Twenty people have been murdered and others wounded at a Sufi shrine near the city of Sargodha, in Pakistan’s Punjab province, police say.
Deputy police commissioner Liaquat Ali Chatta said the main suspect was the shrine’s custodian, Abdul Waheed.
One survivor told police Mr Waheed had called followers into his chamber one by one, and gave them poisoned food.
He and his companions then killed them with a dagger and a stick.
“As they kept arriving, they were torturing and murdering them,” Mr Chattha told Pakistan’s Geo TV.
The alarm was raised by an injured woman who was among several victims who managed to escape.
Local police then rushed to the shrine and arrested Mr Waheed, along with several others believed to be his accomplices.
The motive is unclear, but one senior local police officer said the suspect appeared to be mentally unstable, and that the killings could be related to rivalry for control of the shrine.
“The 50-year-old shrine custodian Abdul Waheed has confessed that he killed these people because he feared that they had come to kill him,” Zulfiqar Hameed told AFP news agency.
Pervaiz Haider, a hospital doctor, said most of the victims were hit on the back of the neck.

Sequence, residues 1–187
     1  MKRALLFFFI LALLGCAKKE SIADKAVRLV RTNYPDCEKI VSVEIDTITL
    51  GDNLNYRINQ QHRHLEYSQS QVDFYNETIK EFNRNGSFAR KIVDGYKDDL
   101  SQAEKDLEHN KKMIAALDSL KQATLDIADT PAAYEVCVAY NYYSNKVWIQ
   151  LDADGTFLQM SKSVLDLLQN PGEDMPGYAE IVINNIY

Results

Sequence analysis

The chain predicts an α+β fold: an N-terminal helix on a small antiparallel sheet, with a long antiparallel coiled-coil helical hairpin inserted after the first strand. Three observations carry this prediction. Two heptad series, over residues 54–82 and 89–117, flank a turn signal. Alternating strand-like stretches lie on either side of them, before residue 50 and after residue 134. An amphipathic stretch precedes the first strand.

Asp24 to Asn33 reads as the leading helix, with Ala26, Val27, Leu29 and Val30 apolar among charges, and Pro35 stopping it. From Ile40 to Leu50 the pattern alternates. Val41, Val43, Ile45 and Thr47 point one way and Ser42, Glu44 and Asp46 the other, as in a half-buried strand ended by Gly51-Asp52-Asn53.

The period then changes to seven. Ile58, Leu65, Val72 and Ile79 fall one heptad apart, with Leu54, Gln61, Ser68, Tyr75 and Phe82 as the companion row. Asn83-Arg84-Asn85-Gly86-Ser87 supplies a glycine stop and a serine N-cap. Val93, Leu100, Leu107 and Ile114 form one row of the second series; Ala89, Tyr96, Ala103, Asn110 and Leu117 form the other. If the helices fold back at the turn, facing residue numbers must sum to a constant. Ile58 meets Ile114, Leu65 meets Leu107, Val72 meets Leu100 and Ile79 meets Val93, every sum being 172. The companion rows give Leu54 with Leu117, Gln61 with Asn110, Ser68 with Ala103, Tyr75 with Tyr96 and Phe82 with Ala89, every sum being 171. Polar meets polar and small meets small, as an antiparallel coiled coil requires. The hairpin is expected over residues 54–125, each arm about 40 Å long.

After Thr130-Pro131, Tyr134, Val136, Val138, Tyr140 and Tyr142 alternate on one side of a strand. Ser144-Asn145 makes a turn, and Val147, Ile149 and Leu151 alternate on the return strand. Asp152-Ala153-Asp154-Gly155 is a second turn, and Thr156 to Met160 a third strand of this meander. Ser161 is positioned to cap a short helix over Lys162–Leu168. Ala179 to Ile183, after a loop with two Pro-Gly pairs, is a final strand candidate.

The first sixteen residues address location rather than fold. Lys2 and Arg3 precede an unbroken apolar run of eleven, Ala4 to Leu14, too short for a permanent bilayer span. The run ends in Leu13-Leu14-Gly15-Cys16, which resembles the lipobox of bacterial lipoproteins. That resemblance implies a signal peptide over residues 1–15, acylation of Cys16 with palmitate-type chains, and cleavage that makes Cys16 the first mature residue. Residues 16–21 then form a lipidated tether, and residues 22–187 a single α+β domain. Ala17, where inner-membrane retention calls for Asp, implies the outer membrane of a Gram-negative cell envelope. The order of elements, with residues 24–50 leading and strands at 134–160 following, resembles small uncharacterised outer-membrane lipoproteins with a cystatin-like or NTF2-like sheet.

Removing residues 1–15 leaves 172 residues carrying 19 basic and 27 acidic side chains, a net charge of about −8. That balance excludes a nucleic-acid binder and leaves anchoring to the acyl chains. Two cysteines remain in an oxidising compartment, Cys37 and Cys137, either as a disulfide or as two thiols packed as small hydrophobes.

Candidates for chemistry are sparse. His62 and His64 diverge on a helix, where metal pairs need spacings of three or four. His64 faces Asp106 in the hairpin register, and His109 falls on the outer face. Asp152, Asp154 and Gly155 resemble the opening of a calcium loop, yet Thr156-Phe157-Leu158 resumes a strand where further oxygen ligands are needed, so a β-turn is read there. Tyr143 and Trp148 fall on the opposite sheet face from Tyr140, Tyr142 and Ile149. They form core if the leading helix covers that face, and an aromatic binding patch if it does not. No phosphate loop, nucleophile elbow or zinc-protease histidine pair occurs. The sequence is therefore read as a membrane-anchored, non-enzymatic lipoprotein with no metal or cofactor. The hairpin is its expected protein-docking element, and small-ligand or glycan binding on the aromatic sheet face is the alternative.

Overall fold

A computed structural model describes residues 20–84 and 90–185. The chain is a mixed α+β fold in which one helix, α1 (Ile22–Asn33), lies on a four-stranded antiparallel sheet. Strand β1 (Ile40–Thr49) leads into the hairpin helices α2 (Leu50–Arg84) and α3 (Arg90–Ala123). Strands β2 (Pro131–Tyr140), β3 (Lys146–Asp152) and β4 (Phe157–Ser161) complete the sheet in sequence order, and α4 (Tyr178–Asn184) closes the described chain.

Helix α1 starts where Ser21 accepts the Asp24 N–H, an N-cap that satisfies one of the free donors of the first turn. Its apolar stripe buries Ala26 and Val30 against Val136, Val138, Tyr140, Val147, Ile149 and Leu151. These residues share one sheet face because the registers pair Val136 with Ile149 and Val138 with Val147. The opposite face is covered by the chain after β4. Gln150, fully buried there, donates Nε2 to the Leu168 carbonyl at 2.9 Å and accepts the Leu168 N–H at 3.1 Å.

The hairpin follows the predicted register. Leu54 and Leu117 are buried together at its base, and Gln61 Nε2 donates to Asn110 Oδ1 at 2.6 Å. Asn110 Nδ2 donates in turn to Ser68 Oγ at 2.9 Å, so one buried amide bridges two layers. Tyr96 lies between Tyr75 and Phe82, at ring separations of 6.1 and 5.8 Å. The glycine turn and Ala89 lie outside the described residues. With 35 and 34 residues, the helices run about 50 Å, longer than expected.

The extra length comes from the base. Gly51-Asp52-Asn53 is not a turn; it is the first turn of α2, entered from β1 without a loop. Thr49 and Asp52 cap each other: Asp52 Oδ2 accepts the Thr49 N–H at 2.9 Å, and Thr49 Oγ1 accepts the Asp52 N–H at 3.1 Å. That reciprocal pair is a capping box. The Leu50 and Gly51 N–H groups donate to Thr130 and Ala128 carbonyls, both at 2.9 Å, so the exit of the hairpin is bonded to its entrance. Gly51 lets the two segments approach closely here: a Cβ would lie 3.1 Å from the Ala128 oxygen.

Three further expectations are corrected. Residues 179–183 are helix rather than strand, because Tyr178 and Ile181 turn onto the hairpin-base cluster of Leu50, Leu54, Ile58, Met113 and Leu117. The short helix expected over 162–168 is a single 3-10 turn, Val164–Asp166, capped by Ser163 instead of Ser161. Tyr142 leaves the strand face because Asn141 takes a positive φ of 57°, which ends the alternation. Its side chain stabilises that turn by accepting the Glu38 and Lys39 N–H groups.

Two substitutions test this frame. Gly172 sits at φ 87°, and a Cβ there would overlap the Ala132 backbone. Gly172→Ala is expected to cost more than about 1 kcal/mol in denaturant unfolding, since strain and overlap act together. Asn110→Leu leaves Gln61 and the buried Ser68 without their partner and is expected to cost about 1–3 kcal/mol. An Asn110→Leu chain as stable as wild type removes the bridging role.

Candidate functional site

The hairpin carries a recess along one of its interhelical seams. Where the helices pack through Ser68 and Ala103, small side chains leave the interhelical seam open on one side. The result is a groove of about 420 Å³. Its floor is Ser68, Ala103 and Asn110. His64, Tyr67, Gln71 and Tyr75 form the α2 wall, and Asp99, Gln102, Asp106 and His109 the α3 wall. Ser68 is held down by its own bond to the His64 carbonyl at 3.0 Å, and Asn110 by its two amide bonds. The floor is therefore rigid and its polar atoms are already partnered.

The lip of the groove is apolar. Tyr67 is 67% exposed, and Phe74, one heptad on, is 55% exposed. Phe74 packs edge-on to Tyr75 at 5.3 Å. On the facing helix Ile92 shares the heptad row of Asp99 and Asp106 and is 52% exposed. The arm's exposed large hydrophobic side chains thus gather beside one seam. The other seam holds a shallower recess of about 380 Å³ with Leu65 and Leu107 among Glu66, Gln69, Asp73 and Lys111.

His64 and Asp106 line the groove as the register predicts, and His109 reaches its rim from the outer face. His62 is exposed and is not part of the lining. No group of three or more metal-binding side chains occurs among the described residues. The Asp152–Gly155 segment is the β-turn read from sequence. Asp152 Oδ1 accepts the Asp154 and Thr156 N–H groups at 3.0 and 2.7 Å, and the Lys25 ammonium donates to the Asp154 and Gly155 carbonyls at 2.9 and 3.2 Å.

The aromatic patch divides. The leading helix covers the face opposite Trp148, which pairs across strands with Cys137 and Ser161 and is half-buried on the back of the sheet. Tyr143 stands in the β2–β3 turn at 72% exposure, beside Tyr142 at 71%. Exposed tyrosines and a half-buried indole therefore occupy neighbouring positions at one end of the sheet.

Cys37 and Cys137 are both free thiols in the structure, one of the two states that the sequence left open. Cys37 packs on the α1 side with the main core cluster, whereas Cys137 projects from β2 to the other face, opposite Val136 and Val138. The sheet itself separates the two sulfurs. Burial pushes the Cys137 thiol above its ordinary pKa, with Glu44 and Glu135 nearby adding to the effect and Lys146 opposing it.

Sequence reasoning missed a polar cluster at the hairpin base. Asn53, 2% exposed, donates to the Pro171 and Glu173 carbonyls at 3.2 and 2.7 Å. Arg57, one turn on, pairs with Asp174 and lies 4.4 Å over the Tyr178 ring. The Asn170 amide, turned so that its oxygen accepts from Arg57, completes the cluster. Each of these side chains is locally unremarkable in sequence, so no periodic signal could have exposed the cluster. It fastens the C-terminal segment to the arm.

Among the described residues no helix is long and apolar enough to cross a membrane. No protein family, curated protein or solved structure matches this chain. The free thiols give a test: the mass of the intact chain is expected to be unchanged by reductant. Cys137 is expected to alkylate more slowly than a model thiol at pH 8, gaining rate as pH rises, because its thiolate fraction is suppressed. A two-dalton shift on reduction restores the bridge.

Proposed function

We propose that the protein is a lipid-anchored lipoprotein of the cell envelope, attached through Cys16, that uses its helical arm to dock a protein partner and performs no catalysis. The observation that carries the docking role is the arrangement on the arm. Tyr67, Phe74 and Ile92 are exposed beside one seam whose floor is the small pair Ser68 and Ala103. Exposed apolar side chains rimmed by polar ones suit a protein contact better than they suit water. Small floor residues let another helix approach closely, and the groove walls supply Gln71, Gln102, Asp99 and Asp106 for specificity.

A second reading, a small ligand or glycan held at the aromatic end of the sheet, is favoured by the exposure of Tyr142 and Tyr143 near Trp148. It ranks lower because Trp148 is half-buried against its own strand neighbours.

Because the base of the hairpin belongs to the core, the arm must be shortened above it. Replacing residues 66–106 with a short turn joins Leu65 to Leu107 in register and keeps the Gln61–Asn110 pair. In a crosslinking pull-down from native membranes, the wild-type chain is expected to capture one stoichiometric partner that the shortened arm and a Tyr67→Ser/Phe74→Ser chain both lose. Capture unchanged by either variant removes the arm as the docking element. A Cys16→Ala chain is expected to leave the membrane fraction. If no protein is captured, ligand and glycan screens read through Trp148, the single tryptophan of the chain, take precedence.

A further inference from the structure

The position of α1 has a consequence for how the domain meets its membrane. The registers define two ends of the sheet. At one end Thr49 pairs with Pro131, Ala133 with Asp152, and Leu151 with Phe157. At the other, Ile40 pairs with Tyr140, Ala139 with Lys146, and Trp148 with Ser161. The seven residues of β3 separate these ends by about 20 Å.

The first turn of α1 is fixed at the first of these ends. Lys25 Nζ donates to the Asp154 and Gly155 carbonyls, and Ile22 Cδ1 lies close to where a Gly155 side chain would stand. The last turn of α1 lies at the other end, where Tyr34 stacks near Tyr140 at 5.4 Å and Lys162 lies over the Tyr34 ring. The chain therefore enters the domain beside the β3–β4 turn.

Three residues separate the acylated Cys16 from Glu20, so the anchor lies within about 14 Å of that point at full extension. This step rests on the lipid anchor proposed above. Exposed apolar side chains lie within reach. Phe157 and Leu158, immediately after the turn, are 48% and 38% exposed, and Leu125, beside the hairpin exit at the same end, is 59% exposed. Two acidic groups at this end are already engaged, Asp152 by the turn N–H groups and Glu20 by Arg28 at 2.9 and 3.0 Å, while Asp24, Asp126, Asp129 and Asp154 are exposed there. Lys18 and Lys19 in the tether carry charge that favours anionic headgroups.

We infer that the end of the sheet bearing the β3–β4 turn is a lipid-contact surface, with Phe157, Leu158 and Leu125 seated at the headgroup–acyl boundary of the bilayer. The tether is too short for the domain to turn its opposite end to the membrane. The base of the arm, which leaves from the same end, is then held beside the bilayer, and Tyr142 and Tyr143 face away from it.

“There are bruises and wounds inflicted by a club and dagger on the bodies of victims,” he told Reuters news agency.
According to a survivor, the alarm was raised by children who had witnessed the violence through a door. Adult devotees then attacked the suspects.
Reports suggest the victims may have been pilgrims. Police said it was customary for food to be distributed at the shrine during the first week of Rajab, a sacred month of the Islamic calendar which began at the end of March.
Sufism is a mystical branch of Islam which spread throughout the Indian subcontinent in the 13th Century.
Sufis believe in saints, who they say can intercede for them directly with God. Several million Muslims in Pakistan are believed to follow Sufism’s tenets.